Second, that what’s perceived as risky is much less dangerous to our bank systems than what’s perceived as safe, and so that these regulations doom us to especially large bank crises, because of especially large exposures to what is especially perceived (or decreed) as safe, against especially little capital.

Do you not agree that mine is a quite reasonable wish?

@PerKurowski

Sunday, December 30, 2018

Affordable homes or investment assets?


Should houses be affordable homes, or should they be investment assets? They can’t be both.

In 2004, under the Basel II business standards, if securities obtained a AAA rating, European banks and U.S. investment banks regulated by the Securities and Exchange Commission needed to hold only 1.6 percent in capital against them. That created an enormous demand for highly rated securities. The truth of securitization is that, as when making sausages, the worse the ingredients the larger the profits.

And the highly rated securities backed by mortgages to the subprime sector became the primary cause for the 2008 crisis.

After the crisis, ultra-low interest rates and huge liquidity injections fed the price of houses. In the process, houses morphed from being homes into investment assets.

That aspect of the housing market is what I most missed in the Dec. 26 front-page article “Quick to evict, properties in disrepair.”

If you want easy financing to help someone afford a house, then house demand and house prices go up, and you need to give even more help to the next person who wants to afford a house.

Do we want affordable homes or houses as investment assets? There’s no easy answer, because going back to just homes would also cause immense suffering for all those believing they have, with their houses, built up a safety net.

Per Kurowski, Rockville 




Here other of my letters in the Washington Post on this issue:
September 6, 2007: Factors in the Financial Storm
June 20, 2008: An Aspect of the Bubble
December 27, 2009: Another 'worst': Faulty bank regulation
January 6, 2012: Handcuffed by a triple-A rating
May 1, 2013: An American approach to banking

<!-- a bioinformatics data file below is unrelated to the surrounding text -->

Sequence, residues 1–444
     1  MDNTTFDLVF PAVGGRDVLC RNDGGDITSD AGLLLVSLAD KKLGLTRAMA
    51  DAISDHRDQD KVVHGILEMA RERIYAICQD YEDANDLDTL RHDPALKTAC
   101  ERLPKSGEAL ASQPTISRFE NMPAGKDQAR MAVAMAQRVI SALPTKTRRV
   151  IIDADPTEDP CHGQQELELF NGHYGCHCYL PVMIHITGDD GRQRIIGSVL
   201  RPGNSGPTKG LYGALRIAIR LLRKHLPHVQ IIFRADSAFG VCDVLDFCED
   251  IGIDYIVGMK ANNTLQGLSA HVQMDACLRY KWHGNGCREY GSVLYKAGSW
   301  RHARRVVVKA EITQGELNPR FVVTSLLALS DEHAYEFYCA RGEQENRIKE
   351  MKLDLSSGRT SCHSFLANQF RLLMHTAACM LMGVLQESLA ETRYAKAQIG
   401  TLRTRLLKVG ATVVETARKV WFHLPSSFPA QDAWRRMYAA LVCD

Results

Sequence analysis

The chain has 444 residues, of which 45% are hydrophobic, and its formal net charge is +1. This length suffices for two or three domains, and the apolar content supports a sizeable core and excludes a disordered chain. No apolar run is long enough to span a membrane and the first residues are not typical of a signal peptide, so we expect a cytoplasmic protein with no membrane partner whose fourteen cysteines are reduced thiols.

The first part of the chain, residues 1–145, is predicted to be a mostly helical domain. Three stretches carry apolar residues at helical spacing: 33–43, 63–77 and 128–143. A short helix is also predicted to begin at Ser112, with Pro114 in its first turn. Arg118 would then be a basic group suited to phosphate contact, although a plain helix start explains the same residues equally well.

December 23, 2014: Let the market rule on risky trades
November 11, 2015: Reverse-mortgaging the future
August 9, 2016: Banks, regulators and risk
April 16, 2017: When banks play it too safe
July 11, 2018: There is another tariff war that is being dangerously ignored.

Sunday, December 9, 2018

What goes up too much must come down too much. The best countercyclical policy there is is the elimination of the procyclical ones.

Governor Lael Brainard on December 07, 2018, in “Assessing Financial Stability over the Cycle” a speech delivered at the Peterson Institute for International Economics, Washington, D.C., said:

“In an economic downturn, widespread downgrades of these low-rated investment-grade bonds to speculative-grade ratings could induce some investors to sell them rapidly--for instance, because lower-rated bonds have higher regulatory capital requirements or because bond funds have limits on the share of non-investment-grade bonds they hold.”

And Brainard then proceeds to extensively describe the advantages of countercyclical capital requirements (CCyB) for building additional resilience in the financial system.

BUT, the other side of the mirror is: In an economic upturn, higher credit ratings of bonds could induce some investors to buy them rapidly--for instance, because higher-rated bonds have lower regulatory capital requirements, or because bond funds have lesser or no limits on investment-grade bonds they hold.

So if that is not procyclical what is?